Preparing and enjoying an espresso is an art, a lifestyle and a vivid aesthetic ritual. It’s like appreciating a beautiful piece of music. The only thing that matters at this very moment is the act of enjoying the espresso drink.
I noticed that many coffee-shops in Europe – including some famous ones – offer shots of ‘Espresso’ that are in fact ‘Ristretto’ shots. A Ristretto shot has approximately half of the size of an Espresso shot. These coffee-shops should correct their menu to avoid misunderstandings between the baristas and their customers. After all, who wants disappointed customers?
- Brewing time for a standard 30ml (1.01 ounce) cup of Espresso should be 25 to 30 seconds.
- Water temperature should be 90-95 degrees Celsius.
- The freshly grinded coffee beans should be used within 10 minutes.
- Brewing time up to 20 seconds for a standard 18 to 20ml (minimum 15ml) cup of Ristretto.
These are the rules for an Italian style Espresso.
Many Italians use the term Espresso only as an official or technical name. In everyday life, the term Caffè is used by most Italians.
Nowadays, when you order an Espresso, many European coffee-shops, will offer you a 20ml – 23ml coffee shot, made from 14-22g of coffee beans, with a double-portafilter that is used for two Espresso drinks. The shot takes 25-36 seconds. This drink is not a real Espresso! It’s a new drink, which does not have it’s own name yet. Based on its preparation procedure, it should be rather called a Ristretto or double Ristretto.
Espresso lovers usually have a clear idea about their drinking ritual: a small, heavy cup that is filled with a dark, syrupy, full-bodied coffee shot, topped by light brown- colored layer of foam called ‘crema’ – an indication of freshly grinded quality beans. The espresso drink is served with a small glass of fresh water. Espresso lovers drink it before they enjoy the espresso. They use it to clean their mouth and to prepare their taste-buds.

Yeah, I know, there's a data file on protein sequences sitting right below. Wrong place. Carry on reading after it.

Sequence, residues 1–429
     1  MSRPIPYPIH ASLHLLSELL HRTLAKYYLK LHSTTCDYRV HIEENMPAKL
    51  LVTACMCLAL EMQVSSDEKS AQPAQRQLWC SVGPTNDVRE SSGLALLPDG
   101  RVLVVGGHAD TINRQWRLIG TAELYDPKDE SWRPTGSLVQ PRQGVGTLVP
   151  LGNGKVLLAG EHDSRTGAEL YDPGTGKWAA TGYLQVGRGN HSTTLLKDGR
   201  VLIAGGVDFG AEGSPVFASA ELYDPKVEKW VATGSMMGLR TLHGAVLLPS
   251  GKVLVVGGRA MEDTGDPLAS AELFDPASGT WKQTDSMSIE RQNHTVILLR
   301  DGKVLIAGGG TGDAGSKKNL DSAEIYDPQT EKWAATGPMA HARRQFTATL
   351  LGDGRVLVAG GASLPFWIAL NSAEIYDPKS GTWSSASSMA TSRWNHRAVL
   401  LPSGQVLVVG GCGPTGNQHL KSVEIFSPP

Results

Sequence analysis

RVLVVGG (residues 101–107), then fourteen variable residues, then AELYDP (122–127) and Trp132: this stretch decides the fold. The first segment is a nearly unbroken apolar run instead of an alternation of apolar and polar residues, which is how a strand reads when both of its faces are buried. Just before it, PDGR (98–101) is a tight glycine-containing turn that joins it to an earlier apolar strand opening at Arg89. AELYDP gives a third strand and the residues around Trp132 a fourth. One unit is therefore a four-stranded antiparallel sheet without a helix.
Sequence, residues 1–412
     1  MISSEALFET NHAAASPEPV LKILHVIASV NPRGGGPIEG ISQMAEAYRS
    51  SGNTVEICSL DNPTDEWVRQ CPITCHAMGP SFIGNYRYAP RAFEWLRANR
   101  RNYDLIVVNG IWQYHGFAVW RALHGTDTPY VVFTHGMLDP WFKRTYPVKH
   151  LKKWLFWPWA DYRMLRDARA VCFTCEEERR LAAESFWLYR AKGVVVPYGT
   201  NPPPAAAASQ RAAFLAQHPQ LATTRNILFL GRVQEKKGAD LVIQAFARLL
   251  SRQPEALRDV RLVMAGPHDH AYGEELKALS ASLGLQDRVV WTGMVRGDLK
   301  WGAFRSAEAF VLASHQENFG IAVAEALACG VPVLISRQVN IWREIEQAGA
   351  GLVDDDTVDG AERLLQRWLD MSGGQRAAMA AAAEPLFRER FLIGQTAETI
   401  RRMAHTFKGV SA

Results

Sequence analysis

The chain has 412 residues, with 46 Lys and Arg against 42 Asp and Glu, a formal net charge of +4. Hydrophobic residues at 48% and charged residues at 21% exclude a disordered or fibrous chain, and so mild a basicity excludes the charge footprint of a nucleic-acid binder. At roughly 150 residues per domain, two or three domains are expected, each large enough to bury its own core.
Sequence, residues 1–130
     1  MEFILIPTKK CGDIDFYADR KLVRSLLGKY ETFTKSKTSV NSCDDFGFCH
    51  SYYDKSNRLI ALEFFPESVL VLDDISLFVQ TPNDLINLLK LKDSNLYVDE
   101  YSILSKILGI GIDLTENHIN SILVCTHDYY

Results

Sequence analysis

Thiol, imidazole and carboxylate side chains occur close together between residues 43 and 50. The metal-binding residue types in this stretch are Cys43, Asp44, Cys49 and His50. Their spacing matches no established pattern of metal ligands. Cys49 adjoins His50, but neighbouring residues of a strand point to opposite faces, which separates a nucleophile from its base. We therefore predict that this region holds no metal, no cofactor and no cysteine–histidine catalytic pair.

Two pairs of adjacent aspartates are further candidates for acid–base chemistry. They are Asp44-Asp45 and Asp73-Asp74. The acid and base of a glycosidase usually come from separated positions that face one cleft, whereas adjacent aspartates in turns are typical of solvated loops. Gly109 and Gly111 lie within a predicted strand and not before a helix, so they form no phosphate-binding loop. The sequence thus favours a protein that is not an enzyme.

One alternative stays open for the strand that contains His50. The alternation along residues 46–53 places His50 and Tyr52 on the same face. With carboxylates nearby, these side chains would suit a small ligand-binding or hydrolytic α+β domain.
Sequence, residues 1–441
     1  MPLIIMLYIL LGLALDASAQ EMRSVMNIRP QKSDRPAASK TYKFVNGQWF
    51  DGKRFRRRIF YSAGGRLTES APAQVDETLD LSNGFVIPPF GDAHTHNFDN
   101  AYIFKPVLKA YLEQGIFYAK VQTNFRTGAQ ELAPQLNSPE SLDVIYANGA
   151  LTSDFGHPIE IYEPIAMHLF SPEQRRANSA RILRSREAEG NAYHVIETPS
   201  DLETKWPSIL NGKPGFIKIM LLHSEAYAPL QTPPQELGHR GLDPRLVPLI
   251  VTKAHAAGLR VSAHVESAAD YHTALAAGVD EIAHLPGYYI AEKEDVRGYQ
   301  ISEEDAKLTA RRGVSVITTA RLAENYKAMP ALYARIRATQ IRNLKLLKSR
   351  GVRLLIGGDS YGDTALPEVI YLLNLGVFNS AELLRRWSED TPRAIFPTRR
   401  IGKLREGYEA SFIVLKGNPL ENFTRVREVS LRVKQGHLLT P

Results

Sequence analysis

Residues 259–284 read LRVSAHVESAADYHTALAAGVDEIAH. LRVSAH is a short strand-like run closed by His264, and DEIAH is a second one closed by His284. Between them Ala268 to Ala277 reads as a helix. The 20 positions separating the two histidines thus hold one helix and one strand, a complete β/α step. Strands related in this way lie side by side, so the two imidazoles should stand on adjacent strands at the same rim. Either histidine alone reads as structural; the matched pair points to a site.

Making a cup of espresso is also a science based on a particular procedure: hot, pressurized water is forced through fine coffee grounds. If we do not follow the precise preparation rules that had been established by Italian coffee lovers over many decades, we can not call the coffee drink an espresso.
How to do?
According to the Specialty Coffee Association of America an espresso is “a 25 – 35 ml beverage prepared from 7-9 grams of coffee through which clean water of 92°-95°C has been forced at 9-10 atmospheres of pressure, and where the grind of the coffee is such that the brewing ‘flow’ time is approximately 20-30 seconds.”
The coffee bean: water ratio, as per traditional Italian espresso nomenclature, is – 1:2 to 1:3.
Manual espresso machines are more traditional than the automatic one.